Missouri Divorce Laws
When one or both parties in a marriage decide it is no longer working out, they may file a petition with the court to dissolve the marriage. This is commonly called divorce, and it often follows a period of legal separation. All states have their own laws and procedures for divorce proceedings, which may differ from one another in a few subtle ways (such as waiting periods and legal grounds for divorce).
In Missouri, legal requirements for divorce include residency in the state for at least 90 days (which is standard in a number of states). Also, as a no-fault state, there is no need to prove fault in order to be granted a divorce. However, the court may consider (but is not limited to) any of the following when deciding whether the marriage should be dissolved:
- Spouse committed adultery (and it is not an "open" relationship)
- One spouse is unable to tolerate the behavior of the other spouse
- Couple lived apart for at least 24 months (12 months if both parties agree) before divorce was filed
- You were abandoned by your spouse for six or more continuous months prior to the divorce filing
- One of the parties is involved in criminal activity
The divorce process includes the separation of property (as well as debts and other liabilities), the granting of spousal support, child custody, and child support. While hiring a divorce lawyer is recommend in Missouri and elsewhere, uncontested divorces often can be completed at home without a lawyer.
Some details about Missouri's divorce laws are listed below. See FindLaw's extensive Divorce section for more articles, sample forms, and state-specific information.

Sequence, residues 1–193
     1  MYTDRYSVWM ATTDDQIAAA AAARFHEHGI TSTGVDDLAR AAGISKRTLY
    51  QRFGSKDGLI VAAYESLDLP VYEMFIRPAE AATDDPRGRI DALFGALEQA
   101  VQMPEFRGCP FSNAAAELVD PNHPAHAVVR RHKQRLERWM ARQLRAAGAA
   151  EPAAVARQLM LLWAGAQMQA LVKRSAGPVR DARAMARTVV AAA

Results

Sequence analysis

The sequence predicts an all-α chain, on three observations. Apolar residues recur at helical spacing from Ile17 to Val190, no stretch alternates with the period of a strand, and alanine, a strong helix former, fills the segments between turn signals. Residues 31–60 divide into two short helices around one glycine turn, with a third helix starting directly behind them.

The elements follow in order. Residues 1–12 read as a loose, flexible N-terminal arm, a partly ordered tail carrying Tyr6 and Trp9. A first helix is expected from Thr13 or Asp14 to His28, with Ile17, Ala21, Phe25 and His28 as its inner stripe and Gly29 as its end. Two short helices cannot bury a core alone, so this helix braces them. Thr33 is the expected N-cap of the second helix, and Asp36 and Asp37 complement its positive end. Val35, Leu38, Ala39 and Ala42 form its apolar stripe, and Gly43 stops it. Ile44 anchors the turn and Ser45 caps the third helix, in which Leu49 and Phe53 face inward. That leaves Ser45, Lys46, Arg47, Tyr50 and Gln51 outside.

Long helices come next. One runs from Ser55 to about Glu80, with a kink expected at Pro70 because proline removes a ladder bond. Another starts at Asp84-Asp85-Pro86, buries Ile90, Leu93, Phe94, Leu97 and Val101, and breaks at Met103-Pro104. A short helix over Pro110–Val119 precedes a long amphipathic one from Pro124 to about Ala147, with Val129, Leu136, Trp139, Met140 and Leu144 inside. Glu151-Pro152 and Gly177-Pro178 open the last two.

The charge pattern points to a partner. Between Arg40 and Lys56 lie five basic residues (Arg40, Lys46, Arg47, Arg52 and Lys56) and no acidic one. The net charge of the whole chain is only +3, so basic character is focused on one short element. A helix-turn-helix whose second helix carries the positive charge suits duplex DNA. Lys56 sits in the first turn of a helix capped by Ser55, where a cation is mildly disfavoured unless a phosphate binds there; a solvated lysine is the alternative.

|Residency Requirements||Either party must be a resident for 90 days.|
|Waiting Period||Final when entered, subject to appeal. Court's order of distribution of marital property is not subject to modification.|
|'No Fault' Grounds for Divorce||Irretrievable breakdown. (Findings of fact to satisfy listed in §452.320 (2).)|
|Defenses to a Divorce Filing||Abolished by §452.310.|
|Other Grounds for Divorce||
It is not necessary to prove fault, only that the marriage is irretrievably broken. If the court decides that the marriage still has a chance at working, it will grant a legal separation.
If the defendant spouse denies the marriage is irretrievably broken, the plaintiff may choose to prove acts of adultery, abuse, or other factors that would help the court make a proper decision on the matter.
Research the Law
- Missouri Law
- Official State Codes - Links to the official online statutes (laws) in all 50 states and DC.
Missouri Divorce Laws: Related Resources
- Understanding the Divorce Process
- Missouri Child Custody Laws
- Missouri Marital Property Laws
- Find a Divorce Attorney
Get a Free Divorce Case Evaluation From a Missouri Attorney
If you're getting divorced, you will undoubtedly have a lot on your plate, especially if there are child custody matters to resolve. A divorce attorney will work hard to protect your interests and ensure the best outcome possible. Have a Missouri attorney evaluate your divorce case for free.